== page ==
The Health Minister has warned people not to socialise this weekend and insisted social distancing will save thousands of lives.
A third person who contracted Covid-19 died in the Republic on Thursday, and 191 new confirmed cases took the total to 557.
Speaking in the Seanad on Friday, he said: “Doctors will save hundreds of lives during this crisis but the people of Ireland can save thousands.
“This is not a weekend for socialising. We must tell children this is not like the summer holidays so they should not gather in large groups.
“As we come into the weekend, have a conversation with your partner and family and ask them are there ways we can go for a walk and social distance?
“I am worried about the mental health of our nation. I am inundated with offers of help and solidarity from around the country and I understand this is all people are speaking about.
“I am conscious that when people listen to politicians speaking about Covid-19, that a lot of it can worry older people. I want to re-assure them today; no matter what happens in the coming weeks you will not be left alone. We will come together.”
Tanaiste Simon Coveney also urged people to take social distancing seriously as it can save thousands of lives.
He said: “Social distancing matters. It is not a theory, it is a protection and we need to confront our families and our peers and our communities to make sure everybody takes that seriously. If we do we will save lives, thousands of them.”
It comes as Health Service Executive chief Paul Reid warned the country faces an “an uncertain, unprecedented and unpredictable” time during the Covid-19 pandemic.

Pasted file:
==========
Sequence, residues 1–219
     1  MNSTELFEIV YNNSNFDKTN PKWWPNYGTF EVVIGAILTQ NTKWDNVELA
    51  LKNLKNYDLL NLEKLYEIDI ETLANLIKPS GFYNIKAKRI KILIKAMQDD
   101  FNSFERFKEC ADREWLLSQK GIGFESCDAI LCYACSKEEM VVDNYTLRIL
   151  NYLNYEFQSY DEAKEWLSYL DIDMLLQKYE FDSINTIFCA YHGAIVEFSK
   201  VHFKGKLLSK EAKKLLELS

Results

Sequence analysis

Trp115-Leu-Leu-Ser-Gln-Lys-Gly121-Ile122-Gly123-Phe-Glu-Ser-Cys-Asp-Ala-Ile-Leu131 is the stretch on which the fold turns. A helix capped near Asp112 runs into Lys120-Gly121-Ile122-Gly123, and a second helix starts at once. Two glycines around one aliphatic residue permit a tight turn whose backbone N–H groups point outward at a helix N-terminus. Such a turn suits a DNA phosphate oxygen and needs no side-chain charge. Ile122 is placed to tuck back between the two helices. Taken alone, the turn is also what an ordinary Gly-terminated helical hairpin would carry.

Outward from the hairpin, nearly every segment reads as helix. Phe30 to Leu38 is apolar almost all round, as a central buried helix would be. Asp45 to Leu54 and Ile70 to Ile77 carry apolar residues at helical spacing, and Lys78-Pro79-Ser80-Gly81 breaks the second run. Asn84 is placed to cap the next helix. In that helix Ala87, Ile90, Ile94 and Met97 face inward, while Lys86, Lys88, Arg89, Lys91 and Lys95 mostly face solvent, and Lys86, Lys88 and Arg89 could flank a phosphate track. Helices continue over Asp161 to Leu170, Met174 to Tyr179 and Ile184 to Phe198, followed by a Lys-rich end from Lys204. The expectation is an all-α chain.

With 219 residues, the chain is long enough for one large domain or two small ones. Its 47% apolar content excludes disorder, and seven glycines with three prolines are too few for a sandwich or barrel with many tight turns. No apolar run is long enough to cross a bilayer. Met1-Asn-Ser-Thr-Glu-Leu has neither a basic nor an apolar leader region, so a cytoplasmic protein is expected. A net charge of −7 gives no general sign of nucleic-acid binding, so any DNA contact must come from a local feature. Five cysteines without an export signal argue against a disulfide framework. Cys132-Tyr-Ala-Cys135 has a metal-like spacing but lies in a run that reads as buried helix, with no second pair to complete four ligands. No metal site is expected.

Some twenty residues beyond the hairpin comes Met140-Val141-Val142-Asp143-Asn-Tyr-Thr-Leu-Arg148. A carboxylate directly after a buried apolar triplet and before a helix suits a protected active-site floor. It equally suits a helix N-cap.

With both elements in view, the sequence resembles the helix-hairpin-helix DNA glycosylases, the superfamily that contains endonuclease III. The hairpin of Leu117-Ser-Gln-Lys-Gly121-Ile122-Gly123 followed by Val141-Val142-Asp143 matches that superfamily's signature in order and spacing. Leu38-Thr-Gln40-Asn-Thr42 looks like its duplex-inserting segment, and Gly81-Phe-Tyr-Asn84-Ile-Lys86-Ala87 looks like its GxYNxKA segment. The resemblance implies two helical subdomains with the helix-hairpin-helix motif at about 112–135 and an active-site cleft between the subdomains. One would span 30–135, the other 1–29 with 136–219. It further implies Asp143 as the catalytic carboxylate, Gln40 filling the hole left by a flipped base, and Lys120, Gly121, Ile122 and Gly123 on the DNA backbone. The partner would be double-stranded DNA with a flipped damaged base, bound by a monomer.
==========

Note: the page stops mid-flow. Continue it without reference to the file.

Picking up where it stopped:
Speaking in Dublin on Friday, he said: “It is a war against a very silent and dangerous enemy. It is not one we can win with armed forces. It is one that we can win with communities.”
Mr Reid said the country must look after people who are well and those who are sick during the Covid-19 pandemic.
“Our focus in the HSE is obviously to look after the sick but as a society we do need to make sure that we look after the vulnerable and the well, because this is a challenging time for everybody.
“The biggest thing I have learned in my career is the power of social communities, how they mobilise and how effective they can be.
“It certainly has been demonstrated to me in the past few weeks the one thing that distinguishes us from other European countries is the power of our communities when we mobilise.”
Mr Reid said there will be no need to worry about the number of ICU beds if the public adheres to health guidelines.
“We need to avoid the public shifting to debate on ICU care. We will avoid that if public can win that battle if we can ask them what we ask them to do.”